Before Munch’s famous breakdown of 1909, the great Norwegian threw himself into printmaking with a fervor shown by very few of history’s great artists: not only as a master printmaker in the tradition of Rembrandt, Goya, and Cassatt (among others) but as an innovator of striking originality whose influence on subsequent printmakers still resonates, primarily but not exclusively in woodcut.
Munch took up drypoint in 1894 – the first of the mediums he was to conquer – for he seemed to have a natural instinct for all available printmaking methods, before taking up etching and lithography on a few weeks later. Copper was probably the easiest substrate to work on as he could carry it around with him, along with needle in pocket, and draw on site at the gatherings of artists at Zum Schwarzen Ferkal (The Black Piglet, the famous watering hole to the Berlin Bohemia). Drypoint also made sense as an introductory print medium for its simplicity and lack of chemicals. Munch’s main focus, however, was on further developing his established motifs from his The Frieze of Life series (which included his most famous early works including The Scream, Jealousy and Puberty among others) in print form. He seemed to grasp the medium immediately, with a delicacy that his patron Julius Meier-Graefe (the most famous German art-historian of the day, biographer of Dostoyevsky and the first to encourage Munch to try his hand at printmaking, publishing of Munch’s first portfolio of prints), when describing the drypoint version of Night in St. Cloud, wrote: “Like all decent engravings,” (in this case drypoints/etchings) “these prints appear colorful, without any color. One must be blind – or highly cultured – if one cannot recognize this effect… all of them with the same subject as exceptionally good paintings, which one does not miss here.”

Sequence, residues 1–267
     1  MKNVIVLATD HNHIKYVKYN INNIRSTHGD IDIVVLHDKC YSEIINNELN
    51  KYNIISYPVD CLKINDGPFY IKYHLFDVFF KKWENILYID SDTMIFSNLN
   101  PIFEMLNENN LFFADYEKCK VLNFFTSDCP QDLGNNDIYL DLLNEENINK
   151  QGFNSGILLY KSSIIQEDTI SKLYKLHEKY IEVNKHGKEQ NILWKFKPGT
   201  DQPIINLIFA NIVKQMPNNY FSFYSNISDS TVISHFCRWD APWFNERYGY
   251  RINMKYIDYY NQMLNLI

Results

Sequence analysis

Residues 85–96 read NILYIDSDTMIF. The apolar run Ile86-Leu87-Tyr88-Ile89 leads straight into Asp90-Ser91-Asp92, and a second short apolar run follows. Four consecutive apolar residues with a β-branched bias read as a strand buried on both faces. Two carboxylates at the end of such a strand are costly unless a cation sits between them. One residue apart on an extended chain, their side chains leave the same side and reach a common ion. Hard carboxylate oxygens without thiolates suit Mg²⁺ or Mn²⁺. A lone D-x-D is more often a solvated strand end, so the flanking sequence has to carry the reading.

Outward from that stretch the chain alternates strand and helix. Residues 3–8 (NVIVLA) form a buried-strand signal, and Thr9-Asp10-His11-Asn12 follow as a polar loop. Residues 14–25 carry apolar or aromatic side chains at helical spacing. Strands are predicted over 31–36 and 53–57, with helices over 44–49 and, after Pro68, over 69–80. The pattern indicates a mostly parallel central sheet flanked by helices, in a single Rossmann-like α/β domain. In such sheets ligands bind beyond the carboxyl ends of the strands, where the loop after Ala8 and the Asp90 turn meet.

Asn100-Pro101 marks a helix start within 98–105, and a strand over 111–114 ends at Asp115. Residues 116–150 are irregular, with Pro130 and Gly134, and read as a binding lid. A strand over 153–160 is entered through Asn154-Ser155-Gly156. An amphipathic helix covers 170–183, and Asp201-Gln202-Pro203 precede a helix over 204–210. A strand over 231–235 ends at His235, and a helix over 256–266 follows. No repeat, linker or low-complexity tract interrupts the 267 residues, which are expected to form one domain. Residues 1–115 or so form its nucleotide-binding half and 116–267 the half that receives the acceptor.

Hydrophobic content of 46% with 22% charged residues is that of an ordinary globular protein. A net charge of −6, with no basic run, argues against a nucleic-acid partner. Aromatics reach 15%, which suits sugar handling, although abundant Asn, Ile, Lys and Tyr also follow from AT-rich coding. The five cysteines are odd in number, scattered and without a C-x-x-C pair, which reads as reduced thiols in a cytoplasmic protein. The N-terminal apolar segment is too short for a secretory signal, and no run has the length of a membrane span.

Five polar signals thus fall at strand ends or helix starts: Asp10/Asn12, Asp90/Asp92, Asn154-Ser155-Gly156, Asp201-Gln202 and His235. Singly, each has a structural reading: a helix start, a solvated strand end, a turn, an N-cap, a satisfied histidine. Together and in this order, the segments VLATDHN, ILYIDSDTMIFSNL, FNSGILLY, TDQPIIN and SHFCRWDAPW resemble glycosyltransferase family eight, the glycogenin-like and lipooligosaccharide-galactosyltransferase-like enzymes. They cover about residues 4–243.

- Perhaps Munch’s very first drypoint, Death and the Maiden of 1894, with subject matter alluding to sexual attitudes propagated by his fellow tortured bohemians: the Polish writer Stanislav Przybyszewski and the Swedish playwrite/misanthrope August Strindberg. The fetuses at the border would become an important theme in Madonna and other later print work.
Etching and Lithography
It seems criminal to lump these two very different media into one heading, but the fact that Munch started in on both these techniques concomitantly seems justification enough.
Munch took to etching for a few reasons: drawing over etching ground allowed for a much greater and easier fluidity of line, obviating the need to press down upon the copper with the needle to create a burr. Furthermore, the drypoint’s burr wore down quickly after successive trips through the press. As a business-minded artist, quantity was important. Munch was also fascinated by the idea of open bite (the leaving of large open spaces of copper to be etched, producing an irregular tonal effect in the print), which spoke to his somewhat rough style of painting. His etchings number in the hundreds, but perhaps we should leave off discussion of this medium in the interest of having superficially covered Munch’s mastery of intaglio printing with a few examples, bearing in mind that this was a medium that he never fully abandoned, learning for the most part without instruction (as he did all techniques save for lithography, which involves considerable know-how and a good deal of chemistry).